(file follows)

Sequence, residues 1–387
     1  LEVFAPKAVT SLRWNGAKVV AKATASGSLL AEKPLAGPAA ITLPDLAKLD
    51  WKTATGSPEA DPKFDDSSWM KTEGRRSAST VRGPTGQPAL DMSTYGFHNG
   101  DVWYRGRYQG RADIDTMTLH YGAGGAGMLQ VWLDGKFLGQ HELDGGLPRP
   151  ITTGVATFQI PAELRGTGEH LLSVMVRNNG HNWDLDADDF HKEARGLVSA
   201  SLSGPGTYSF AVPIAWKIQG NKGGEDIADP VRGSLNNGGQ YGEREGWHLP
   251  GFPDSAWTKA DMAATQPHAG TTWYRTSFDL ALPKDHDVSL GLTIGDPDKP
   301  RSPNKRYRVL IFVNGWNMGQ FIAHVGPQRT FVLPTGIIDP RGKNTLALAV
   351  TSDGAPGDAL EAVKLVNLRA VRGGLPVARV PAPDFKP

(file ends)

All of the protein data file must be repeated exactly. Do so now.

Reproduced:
Sequence, residues 1–387
     1  LEVFAPKAVT SLRWNGAKVV AKATASGSLL AEKPLAGPAA ITLPDLAKLD
    51  WKTATGSPEA DPKFDDSSWM KTEGRRSAST VRGPTGQPAL DMSTYGFHNG
   101  DVWYRGRYQG RADIDTMTLH YGAGGAGMLQ VWLDGKFLGQ HELDGGLPRP
   151  ITTGVATFQI PAELRGTGEH LLSVMVRNNG HNWDLDADDF HKEARGLVSA
   201  SLSGPGTYSF AVPIAWKIQG NKGGEDIADP VRGSLNNGGQ YGEREGWHLP
   251  GFPDSAWTKA DMAATQPHAG TTWYRTSFDL ALPKDHDVSL GLTIGDPDKP
   301  RSPNKRYRVL IFVNGWNMGQ FIAHVGPQRT FVLPTGIIDP RGKNTLALAV
   351  TSDGAPGDAL EAVKLVNLRA VRGGLPVARV PAPDFKP